Thanks, Jim, for these notes, they seem unusually good. Though perhaps I’m saying that only because I’ve been slacking a bit in my SS study and so maybe I’m sort of rediscovering how helpful these notes and questions really are. Also, maybe it’s because this material is relatively familiar and frequently used in church (“if any man lack wisdom” in James 1, and the faith and works bit in James 2), so it’s esp. refreshing to see these passages considered more carefully and thoughtfully than is typical.

  3. JWL said

    Robert C. —

    I have seen references to the early date for James many places, but the handiest quick reference I can find is our own Kevin Barney’s introduction at

    http://feastupontheword.org/images/2/2e/26_James.pdf

    The scholars who date it later do so because they see it as a reaction to Paul. However these scholars tend to be viewing the whole matter through the prism of the extreme ‘salvation by grace alone’ interpretation of Paul. Those like Latter-day Saints who disagree with this reading of Paul do not then need to see a conflict with James. Rather than reading the “faith without works” section as a reaction to an interpretation of Paul which really did not develop until centuries later, I would simply see those passages as a restatement of Jesus’ teaching in Matthew 7:21-23 (“Not every one that saith unto me, Lord, Lord, shall enter into the kingdom of heaven; but he that doeth the will of my Father which is in heaven”).

  4. Robert C. said

    JWL, good points, thanks—I’ll look more into this, it sounds quite interesting.

  5. KTH said

    The 1995 Harper’s Bible Dictionary lists a series of arguments against authorship by the brother of Jesus. In addition to seeing the epistle as a reaction to Paul, the other factors are “the excellent Greek” and “the debate within the ancient church regarding the authorship.” The entry concludes by saying that “while none of these objections against the traditional view [of authorship] is conclusive, collectively they make this view improbable. Can anyone suggest references to non-LDS sources supporting authorship by the brother of Jesus?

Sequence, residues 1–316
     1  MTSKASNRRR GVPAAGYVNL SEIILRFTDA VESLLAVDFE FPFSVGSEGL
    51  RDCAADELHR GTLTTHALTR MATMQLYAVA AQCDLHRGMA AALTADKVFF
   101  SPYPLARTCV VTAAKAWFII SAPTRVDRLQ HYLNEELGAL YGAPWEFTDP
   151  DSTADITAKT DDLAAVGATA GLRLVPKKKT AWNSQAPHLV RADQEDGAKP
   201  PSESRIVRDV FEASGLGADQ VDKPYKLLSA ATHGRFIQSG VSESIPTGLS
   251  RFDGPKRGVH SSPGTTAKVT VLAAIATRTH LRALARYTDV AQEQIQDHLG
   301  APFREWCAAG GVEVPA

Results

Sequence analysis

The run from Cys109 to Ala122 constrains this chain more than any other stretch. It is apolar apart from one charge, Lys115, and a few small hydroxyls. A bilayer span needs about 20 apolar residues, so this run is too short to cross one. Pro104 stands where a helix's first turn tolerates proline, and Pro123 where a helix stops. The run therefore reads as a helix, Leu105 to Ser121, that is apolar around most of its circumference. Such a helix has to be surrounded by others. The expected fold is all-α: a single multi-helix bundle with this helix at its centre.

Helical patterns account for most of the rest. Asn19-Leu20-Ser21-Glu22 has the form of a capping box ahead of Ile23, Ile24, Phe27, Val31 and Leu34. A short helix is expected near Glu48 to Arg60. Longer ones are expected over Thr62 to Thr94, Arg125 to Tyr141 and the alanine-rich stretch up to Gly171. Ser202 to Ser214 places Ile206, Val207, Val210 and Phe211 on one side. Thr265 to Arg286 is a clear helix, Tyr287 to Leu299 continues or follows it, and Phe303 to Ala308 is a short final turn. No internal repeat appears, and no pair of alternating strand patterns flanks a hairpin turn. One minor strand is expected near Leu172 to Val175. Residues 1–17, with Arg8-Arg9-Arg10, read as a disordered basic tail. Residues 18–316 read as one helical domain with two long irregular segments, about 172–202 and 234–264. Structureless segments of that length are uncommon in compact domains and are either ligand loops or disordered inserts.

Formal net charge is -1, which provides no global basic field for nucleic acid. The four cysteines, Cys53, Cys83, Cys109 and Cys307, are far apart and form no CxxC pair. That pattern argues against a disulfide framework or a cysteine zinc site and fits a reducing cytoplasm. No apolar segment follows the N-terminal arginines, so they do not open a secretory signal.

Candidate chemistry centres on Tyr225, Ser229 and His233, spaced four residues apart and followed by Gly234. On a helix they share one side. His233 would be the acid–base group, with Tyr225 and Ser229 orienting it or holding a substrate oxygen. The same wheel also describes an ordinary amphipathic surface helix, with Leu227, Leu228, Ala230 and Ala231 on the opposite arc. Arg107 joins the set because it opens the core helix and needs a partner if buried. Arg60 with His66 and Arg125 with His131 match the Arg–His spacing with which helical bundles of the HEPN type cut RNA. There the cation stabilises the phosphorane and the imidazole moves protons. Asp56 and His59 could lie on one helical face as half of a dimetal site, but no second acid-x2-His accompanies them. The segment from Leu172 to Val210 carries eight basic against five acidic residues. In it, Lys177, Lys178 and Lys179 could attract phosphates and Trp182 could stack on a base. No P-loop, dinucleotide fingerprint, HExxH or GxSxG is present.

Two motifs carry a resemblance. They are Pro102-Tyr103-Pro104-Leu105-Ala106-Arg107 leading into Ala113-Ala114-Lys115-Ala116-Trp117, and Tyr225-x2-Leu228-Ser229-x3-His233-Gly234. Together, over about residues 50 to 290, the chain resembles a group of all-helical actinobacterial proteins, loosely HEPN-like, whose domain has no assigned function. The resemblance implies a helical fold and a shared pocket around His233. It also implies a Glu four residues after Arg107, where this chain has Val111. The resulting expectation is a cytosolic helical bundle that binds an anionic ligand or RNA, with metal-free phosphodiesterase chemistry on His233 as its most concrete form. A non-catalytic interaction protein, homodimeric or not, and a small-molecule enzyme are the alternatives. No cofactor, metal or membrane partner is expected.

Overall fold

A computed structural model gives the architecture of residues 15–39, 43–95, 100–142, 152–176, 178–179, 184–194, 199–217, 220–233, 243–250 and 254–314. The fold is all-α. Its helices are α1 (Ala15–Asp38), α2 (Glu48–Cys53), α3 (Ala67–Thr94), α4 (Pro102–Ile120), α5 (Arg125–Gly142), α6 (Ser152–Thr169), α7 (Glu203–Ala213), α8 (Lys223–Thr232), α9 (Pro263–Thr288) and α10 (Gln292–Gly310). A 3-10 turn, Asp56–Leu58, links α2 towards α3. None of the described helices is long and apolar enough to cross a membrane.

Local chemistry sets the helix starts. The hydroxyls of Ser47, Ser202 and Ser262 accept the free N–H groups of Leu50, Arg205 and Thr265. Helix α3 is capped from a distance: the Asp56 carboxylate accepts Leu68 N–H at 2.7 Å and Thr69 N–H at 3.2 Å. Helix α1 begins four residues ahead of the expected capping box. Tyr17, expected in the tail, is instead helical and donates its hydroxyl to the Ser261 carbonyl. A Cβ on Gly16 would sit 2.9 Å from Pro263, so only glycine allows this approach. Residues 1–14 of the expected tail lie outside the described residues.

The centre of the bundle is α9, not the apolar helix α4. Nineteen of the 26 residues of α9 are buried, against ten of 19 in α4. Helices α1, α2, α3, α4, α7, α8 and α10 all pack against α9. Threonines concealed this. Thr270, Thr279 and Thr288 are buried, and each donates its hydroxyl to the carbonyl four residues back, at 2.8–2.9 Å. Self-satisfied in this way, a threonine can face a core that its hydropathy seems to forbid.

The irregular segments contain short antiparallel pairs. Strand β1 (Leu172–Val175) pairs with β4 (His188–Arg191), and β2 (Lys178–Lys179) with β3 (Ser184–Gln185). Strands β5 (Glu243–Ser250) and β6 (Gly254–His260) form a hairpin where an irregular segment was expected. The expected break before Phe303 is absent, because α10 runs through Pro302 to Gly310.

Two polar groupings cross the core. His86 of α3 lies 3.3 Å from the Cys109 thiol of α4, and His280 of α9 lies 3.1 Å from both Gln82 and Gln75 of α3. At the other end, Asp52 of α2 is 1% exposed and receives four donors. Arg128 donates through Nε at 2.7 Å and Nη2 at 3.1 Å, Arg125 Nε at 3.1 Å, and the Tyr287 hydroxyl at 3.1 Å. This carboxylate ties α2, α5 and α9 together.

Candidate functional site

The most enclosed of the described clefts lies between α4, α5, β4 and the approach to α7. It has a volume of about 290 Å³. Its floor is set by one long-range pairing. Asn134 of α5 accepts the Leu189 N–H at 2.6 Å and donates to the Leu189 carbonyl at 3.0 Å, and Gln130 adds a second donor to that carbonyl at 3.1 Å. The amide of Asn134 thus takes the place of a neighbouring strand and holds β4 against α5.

6. JWL said

    The leading modern biblical scholar on James, Luke Timothy Johnson, accepts James the brother of Jesus as the author of the Epistle, as do most Catholic and Eastern Orthodox scholars. See for example http://www.newadvent.org/cathen/08275b.htm and Johnson’s principal work cited in the Kevin Barney intro linked in comment #3 above. The arguments against the authorship of James the brother of the Lord come from either liberal scholars (who don’t believe anything in the NT was written very early) or Reformed Protestant scholars who are annoyed at the use of James by Catholic, Eastern Orthodox, and LDS writers to refute Luther’s extreme justification by faith alone theology.

    As to the specific objections you mention:

    (1) The good Greek could come from James having a well-educated Greek speaking amaneusis or translator.
    (2) While canonized late in the West, it was always accepted in the East where its original audience was located.
    (3) The claim that it is a rebuttal of Paul comes from a Reformation reading of Paul. There is no evidence that this Reformation theological dispute was actually present in the early Church.

    Johnson gives numerous reasons for accepting the traditional (from at least as early as the second century) attribution of authorship to James the brother of the Lord. These include the heavily Jewish orientation of the work, the lack of reference to other NT sources except for the very earliest, i.e. the sayings of Jesus Himself (despite the argument with Paul which has been read into the epistle by later theologians), the remarkable relation to the teachings (but without direct quotation) of the Sermon on the Mount, and numerous contextual matters which are compatible with a Jerusalem setting in the 40s CE.

  7. JWL said

    With regard to the relation of the teachings of the Epistle of James to those of the Sermon on the Mount, another good comparison is in Jack Welch and John Hall’s Charting the New Testament. I have amalgamated those with the chart that Jim linked to in his comments, and will try to email it to him in case he wants to post it as well.